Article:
LondonThabiso Sekgala: Here Is Elsewhere
Violet Nights x Brainchild: Reimagining Grief. Thursday 29 August, 7pm at Blue Room, Royal Festival Hall. Booking
Hayward Gallery’s HENI Project Space presents Here Is Elsewhere, a free
exhibition bringing together around 50 works by the late South African photographer Thabiso Sekgala. Here Is Elsewhere is the artist’s first solo exhibition in the UK.
Central to this exhibition is the artist’s career-defining series Homeland (2009–2011), which consists of images taken in the former homelands of Bophuthatswana and KwaNdebele, territories established by the apartheid government to house black South Africans forced to leave urban areas.
This important early series explores the notion of home, place and belonging, and touches on both the artist’s personal history and the political history of South Africa (Sekgala was born in the township of Soweto but grew up in KwaNdebele).
Along with striking portraits of young people living in these areas – the ‘born-free generation’ who grew up after the first democratic elections in 1994 – the series features elegiac photographs of landscapes, buildings and everyday objects. Through these indirect, subtle and nuanced photographs, Sekgala illustrates the lasting geopolitical effect of apartheid.
Sekgala first exhibited Homeland in 2011 at Johannesburg’s influential Market Photo Workshop, where he was a student between 2007 and 2008. In 2012, Homeland featured in Okwui Enwezor’s touring exhibition Rise and Fall of Apartheid: Photography and the Bureaucracy of Everyday Life, which opened at the International Center of Photography (New York) and toured to Haus der Kunst (Munich) and Museum Africa (Johannesburg).
Running through all of Sekgala’s work is a fascination with the idea of home, and the personal, political or economic conditions that determine our relationship to it.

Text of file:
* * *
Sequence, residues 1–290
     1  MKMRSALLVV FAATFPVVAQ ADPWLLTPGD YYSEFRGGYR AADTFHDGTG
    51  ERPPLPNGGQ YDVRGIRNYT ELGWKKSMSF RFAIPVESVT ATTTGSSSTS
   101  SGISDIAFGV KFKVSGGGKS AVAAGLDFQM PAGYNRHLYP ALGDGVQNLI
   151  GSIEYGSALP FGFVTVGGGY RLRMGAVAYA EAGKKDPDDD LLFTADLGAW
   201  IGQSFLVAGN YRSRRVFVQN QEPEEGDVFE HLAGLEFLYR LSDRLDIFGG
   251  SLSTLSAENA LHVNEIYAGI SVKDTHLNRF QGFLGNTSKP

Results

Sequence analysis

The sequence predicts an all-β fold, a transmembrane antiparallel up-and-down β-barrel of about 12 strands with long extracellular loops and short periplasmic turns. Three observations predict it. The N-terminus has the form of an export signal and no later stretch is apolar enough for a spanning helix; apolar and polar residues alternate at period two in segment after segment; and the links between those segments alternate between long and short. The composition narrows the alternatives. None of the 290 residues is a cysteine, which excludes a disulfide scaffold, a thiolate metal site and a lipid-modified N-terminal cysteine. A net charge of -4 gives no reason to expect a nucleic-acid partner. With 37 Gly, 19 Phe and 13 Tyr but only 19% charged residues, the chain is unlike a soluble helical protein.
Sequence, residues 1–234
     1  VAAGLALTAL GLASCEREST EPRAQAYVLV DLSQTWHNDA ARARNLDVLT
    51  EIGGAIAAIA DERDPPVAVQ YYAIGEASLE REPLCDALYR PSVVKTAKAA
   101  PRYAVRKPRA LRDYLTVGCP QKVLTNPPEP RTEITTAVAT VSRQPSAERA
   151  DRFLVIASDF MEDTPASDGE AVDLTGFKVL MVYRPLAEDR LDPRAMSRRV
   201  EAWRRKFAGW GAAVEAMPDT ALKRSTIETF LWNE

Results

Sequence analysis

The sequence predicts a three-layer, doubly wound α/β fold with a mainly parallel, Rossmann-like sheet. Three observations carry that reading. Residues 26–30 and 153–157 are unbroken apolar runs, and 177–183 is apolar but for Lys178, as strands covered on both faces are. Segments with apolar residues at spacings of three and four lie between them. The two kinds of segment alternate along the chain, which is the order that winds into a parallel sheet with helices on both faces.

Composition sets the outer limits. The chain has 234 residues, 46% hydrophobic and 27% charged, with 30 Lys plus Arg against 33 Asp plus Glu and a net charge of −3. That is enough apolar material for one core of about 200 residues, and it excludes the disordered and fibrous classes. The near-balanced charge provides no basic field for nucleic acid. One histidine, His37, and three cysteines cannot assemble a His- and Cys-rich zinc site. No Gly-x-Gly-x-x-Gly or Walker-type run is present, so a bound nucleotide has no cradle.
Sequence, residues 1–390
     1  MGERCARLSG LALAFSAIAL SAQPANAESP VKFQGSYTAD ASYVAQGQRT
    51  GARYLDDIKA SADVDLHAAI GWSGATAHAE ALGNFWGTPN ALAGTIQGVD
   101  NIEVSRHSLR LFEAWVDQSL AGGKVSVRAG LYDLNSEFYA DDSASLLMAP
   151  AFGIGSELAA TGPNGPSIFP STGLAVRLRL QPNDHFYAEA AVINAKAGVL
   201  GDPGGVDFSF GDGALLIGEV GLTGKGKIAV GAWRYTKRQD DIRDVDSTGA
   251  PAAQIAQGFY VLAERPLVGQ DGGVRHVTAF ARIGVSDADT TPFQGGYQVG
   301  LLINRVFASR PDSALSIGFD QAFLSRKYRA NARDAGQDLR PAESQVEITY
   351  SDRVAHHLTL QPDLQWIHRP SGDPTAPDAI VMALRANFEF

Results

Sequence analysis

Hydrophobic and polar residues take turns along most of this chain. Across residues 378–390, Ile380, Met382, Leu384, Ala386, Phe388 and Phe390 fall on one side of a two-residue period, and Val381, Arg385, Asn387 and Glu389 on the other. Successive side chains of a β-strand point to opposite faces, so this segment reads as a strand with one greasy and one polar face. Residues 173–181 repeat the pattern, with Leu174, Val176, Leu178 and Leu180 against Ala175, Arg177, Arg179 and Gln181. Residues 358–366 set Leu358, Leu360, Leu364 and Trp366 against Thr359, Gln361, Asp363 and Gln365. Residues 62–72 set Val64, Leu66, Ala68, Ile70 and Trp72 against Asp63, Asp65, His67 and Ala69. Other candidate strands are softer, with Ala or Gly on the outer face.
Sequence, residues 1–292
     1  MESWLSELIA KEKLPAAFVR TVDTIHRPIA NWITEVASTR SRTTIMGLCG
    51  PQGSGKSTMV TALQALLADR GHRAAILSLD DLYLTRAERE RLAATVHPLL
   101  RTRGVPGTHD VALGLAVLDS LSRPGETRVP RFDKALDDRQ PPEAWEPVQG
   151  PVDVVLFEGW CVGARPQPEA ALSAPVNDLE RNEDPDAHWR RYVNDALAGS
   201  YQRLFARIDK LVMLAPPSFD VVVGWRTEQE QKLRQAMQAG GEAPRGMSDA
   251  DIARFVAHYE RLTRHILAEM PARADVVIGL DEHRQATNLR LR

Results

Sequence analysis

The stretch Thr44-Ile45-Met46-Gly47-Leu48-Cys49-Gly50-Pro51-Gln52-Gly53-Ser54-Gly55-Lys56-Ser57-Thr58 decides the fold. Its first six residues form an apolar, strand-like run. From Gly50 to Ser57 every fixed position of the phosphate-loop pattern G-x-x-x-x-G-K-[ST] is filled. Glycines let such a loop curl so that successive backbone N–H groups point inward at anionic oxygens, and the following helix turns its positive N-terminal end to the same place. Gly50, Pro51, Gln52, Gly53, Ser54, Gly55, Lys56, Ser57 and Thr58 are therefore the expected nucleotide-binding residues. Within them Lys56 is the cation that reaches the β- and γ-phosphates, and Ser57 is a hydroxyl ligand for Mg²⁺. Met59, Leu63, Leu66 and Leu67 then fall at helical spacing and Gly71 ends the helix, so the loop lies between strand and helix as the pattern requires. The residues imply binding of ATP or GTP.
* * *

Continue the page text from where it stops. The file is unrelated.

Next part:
Thabiso Sekgala (2013): “I am inspired by looking at human experience whether lived or imagined. Images capture our history, who we are, our presence and absence. My work is influenced by growing up in both rural and urban South Africa. The dualities of these both environments inform the stories I am telling through my photographs, by engaging issues around land, peoples’ movement, identity and the notion of home. My focus is on landscape and portraiture, looking on how young people relate to their landscape and also finding their own identities. My work is the culmination of the exploration of memory, place and interrelated self-imagining.”
Here Is Elsewhere brings together images from Homeland with photographs from Sekgala’s later projects, including Domestic (2012), an intimate meditation on everyday life, and Second Transition (2014), a series that addresses South Africa’s vast economic inequality through photographs of the platinum-producing mining town of Rustenburg.
The exhibition also includes images from the quietly arresting series Running Bulawayo, Running Amman and Paradise (all 2013) – taken during periods spent in Bulawayo, Amman and Berlin, respectively – which speak to the experiences of displacement, migration and the pursuit of unattainable ideals.
The title of the exhibition, Here Is Elsewhere, draws on Sekgala’s own writing about his work, and speaks of his ability to create images that are at once intimate and elusive, and that capture a specific time and place while remaining decidedly universal.
Thabiso Sekgala (b. 1981, Johannesburg, South Africa; d. 2014, Johannesburg, South Africa) held solo exhibitions in South Africa and Europe and has exhibited in group shows internationally, including LagosPhoto Festival (2015), Bamako Biennale (2015) and Les Rencontres D’Arles (2013). In 2013, he was an artist in residence at both the Kunstlerhaus Bethanien, Berlin, and at HIWAR/Durant Al Funun, Jordan. He studied at Johannesburg’s Market Photo Workshop in 2007 to 2008 and was awarded the Tierney Fellowship in 2010.
Thabiso Sekgala, Homeland, Jane Nkuna, Loding, former Kwandebele, 2009; Courtesy of the artist and Goodman Gallery